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Raja Shehadeh is a Palestinian lawyer practicing in Ramallah since 1979 and is a barrister of Lincoln's Inn
Foto taget av: Courtesy of Allen and Unwin

Verk av Raja Shehadeh

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Allmänna fakta



This book by a secular Palestinian lawyer and activist focuses on the changes that have taken place to the land in the West Bank, both legally and physically, since the start of the Israeli settlement project. It is loosely organized into a series of six walks, or sarhat, an Arabic term for a long, meditative walk in the wilderness. It is also a bitter elegy for what is now gone - a time when the hills of the West Bank were undeveloped and a Palestinian could walk freely without fear and constraint from Israeli settlements, roads, and "nature preserves" that Palestinians are not allowed to set foot on, guarded by armed soldiers and settlers, that continually expand and encircle Palestinian towns and villages, shrinking the space within which Palestinians can live.

The six sarhat in the book mix description of the walk itself and the surrounding land features, and the politics of land ownership and seizure.

Sarha 1: takes place in 1978, a walk to the qasr of Shehadeh's grandfather's cousin. A qasr was a small stone structure built for farmers to live in when they needed to be away from their home in a populated area to tend to their land. Shehadeh describes the hills as already being abandoned in some respects by Palestinians, as the land had declined in its ability to support farming. Such land no longer being used by Palestinian farmers formed a basis for the Israeli settlement project, as Israeli law said any land no longer being lived on by its Palestinian owner ceased to belong to him and reverted back to its original owners, the Jewish people, as represented by the State of Israel.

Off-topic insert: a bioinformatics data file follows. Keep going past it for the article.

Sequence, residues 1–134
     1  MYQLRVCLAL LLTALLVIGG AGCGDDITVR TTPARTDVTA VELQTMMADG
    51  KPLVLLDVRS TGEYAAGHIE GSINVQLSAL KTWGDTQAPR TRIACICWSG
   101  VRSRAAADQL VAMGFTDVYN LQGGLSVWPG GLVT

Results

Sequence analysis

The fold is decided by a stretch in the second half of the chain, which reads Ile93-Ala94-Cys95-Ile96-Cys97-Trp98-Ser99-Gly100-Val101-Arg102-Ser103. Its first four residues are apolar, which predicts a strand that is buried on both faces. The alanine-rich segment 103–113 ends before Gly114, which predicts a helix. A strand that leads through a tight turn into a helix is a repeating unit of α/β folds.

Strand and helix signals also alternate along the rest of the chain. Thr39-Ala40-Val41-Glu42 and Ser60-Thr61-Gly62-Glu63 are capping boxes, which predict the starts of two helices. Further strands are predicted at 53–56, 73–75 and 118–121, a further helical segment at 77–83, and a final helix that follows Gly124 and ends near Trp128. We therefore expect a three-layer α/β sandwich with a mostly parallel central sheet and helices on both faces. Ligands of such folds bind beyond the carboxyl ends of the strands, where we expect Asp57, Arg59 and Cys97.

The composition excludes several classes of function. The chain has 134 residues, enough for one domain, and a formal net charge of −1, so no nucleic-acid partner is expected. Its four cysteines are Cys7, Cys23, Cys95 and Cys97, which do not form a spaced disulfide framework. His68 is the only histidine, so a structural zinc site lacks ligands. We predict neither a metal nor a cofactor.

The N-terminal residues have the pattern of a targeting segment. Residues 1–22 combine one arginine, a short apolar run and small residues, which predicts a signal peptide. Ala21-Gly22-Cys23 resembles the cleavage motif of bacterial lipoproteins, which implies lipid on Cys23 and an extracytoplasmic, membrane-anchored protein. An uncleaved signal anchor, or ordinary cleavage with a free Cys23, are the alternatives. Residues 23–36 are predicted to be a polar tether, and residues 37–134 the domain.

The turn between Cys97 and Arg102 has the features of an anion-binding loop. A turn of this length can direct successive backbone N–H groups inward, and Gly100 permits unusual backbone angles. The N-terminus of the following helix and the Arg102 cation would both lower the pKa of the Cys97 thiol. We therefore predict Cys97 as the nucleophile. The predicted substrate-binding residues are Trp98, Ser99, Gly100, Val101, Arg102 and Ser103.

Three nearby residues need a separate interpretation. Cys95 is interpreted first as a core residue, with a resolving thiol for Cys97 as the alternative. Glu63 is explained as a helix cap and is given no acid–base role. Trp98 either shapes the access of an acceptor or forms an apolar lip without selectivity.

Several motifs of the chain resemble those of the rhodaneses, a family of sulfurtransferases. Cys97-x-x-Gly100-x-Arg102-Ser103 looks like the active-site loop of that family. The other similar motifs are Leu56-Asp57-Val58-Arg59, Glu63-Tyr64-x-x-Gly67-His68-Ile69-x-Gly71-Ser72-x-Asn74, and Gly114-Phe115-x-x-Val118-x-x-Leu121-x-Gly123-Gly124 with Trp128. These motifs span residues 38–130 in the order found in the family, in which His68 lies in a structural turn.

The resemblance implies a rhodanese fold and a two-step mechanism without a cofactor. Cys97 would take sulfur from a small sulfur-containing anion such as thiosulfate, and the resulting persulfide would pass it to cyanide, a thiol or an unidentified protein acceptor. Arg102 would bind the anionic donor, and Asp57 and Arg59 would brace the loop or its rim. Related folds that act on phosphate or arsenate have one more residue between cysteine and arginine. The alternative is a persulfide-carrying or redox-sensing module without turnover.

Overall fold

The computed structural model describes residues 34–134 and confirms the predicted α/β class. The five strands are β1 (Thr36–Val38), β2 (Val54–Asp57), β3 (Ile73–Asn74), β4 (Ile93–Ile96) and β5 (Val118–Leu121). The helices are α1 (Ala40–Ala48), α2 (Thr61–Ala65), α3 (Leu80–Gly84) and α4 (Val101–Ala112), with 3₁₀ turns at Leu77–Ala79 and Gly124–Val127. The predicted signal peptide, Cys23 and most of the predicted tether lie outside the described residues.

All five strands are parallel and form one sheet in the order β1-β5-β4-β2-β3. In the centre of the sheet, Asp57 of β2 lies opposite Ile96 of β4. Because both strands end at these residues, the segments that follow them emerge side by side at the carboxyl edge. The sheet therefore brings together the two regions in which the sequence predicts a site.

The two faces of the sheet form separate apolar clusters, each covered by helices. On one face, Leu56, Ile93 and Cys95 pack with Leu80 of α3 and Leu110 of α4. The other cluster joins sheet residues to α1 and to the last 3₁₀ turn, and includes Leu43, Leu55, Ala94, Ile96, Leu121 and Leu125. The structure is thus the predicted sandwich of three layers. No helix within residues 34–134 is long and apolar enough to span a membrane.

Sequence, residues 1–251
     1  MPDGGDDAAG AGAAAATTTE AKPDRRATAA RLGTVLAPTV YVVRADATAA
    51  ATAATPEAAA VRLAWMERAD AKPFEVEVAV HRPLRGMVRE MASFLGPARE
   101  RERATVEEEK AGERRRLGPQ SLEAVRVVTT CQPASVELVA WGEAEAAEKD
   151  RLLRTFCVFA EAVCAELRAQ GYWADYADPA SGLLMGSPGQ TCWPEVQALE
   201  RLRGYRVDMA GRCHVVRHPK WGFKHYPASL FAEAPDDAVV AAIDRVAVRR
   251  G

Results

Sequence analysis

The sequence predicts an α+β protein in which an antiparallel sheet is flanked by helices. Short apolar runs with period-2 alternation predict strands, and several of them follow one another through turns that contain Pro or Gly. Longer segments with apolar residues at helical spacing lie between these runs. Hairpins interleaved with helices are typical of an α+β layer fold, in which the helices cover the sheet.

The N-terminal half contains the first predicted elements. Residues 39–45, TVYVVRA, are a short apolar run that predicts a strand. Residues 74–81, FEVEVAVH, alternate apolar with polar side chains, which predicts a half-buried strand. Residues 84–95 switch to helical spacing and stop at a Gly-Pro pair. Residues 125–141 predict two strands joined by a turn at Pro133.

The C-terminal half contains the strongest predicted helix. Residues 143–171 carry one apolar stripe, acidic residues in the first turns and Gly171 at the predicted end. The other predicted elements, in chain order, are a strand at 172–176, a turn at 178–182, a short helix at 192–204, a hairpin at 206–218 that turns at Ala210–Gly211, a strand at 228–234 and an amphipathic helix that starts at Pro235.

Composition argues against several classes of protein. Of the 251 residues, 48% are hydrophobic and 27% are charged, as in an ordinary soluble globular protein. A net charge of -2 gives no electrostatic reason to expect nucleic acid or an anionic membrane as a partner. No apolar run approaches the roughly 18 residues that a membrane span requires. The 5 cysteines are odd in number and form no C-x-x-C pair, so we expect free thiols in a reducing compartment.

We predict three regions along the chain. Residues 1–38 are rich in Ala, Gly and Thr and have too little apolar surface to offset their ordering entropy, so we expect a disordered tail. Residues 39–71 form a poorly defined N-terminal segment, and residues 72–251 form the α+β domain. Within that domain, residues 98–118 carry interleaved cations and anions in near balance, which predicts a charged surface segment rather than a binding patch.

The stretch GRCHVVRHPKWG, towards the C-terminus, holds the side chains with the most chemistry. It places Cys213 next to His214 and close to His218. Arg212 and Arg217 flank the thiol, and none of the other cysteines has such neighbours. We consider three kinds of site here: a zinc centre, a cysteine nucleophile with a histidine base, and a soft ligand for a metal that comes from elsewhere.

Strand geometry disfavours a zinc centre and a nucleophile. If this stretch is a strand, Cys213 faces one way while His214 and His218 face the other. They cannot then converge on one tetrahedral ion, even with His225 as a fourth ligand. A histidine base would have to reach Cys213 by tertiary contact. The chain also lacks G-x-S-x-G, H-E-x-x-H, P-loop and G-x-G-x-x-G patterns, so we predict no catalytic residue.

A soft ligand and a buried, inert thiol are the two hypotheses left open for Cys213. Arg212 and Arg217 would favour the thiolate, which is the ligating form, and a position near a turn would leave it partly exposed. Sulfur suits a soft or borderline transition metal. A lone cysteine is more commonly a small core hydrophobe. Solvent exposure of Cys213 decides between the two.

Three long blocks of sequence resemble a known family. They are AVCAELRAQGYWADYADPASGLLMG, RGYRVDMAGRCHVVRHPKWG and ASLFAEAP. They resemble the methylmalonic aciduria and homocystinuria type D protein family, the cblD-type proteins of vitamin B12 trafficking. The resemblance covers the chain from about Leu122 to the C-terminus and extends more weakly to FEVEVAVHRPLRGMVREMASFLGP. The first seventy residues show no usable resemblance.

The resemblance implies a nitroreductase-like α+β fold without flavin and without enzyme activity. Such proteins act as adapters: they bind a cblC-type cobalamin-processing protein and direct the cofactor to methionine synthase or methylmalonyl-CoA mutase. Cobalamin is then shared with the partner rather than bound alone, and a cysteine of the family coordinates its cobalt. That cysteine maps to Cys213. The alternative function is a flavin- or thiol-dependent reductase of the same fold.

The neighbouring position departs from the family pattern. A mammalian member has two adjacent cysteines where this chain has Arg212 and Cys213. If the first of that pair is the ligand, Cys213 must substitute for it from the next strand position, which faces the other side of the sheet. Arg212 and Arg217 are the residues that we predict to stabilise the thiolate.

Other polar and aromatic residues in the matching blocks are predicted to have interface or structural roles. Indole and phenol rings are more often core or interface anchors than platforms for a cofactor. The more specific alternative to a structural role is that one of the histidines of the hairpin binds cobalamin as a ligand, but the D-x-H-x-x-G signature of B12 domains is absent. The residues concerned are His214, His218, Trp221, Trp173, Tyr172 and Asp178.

Sarha 2: A hike to an isolated, small village and its nearby hilltop. The hilltop has since been taken by Israel for a settlement. Shehadeh in this chapter discusses one of his first land cases, where he represented a Palestinian Christian whose land had been taken over for a settlement. Shehadeh says it was well documented in legal terms that his client owned the land, and he still thought he could legally fight the settlement project in Israeli courts through such cases. However the attitude of the court was essentially that the land was gone, and his client should take what monetary payout he could get. His legal efforts to resist were going to prove unfruitful.

Sarha 3: Set in the mid-1990s after the Oslo Agreement. Shehadeh describes a walk to the Dead Sea with a Fatah official allowed in to the West Bank under the deal, and describes his opposition to the Oslo Agreement as a surrender and a defeat. It did not challenge Israeli town planning, which drew circles around existing Palestinian population centers and did not allow them to expand. Meanwhile it claimed vast areas of land for future settlement expansion. The PLO displayed little understanding of the legal aspects of Israeli land policies and did not seem to care. He was frustrated by the blind optimism of his Fatah companion as they walked along the rugged, salty landscape towards the Dead Sea.

Sarha 4: A walk towards the oldest continually inhabited city in the world, Jericho, from near Jerusalem. The walk went along a lush green valley that contains lots of water, making it the favored pathway for centuries of pilgrims and conquerors making their way to Jerusalem. One of Shehadeh's companions on this walk is an archeologist, who notes the absence of the Bedouin tribes that until recently roamed these areas, but who had now been chased away by the Israelis. Shehadeh stops at the Monastery of St. George, built into the rocks in the 5th century and still an active monastery.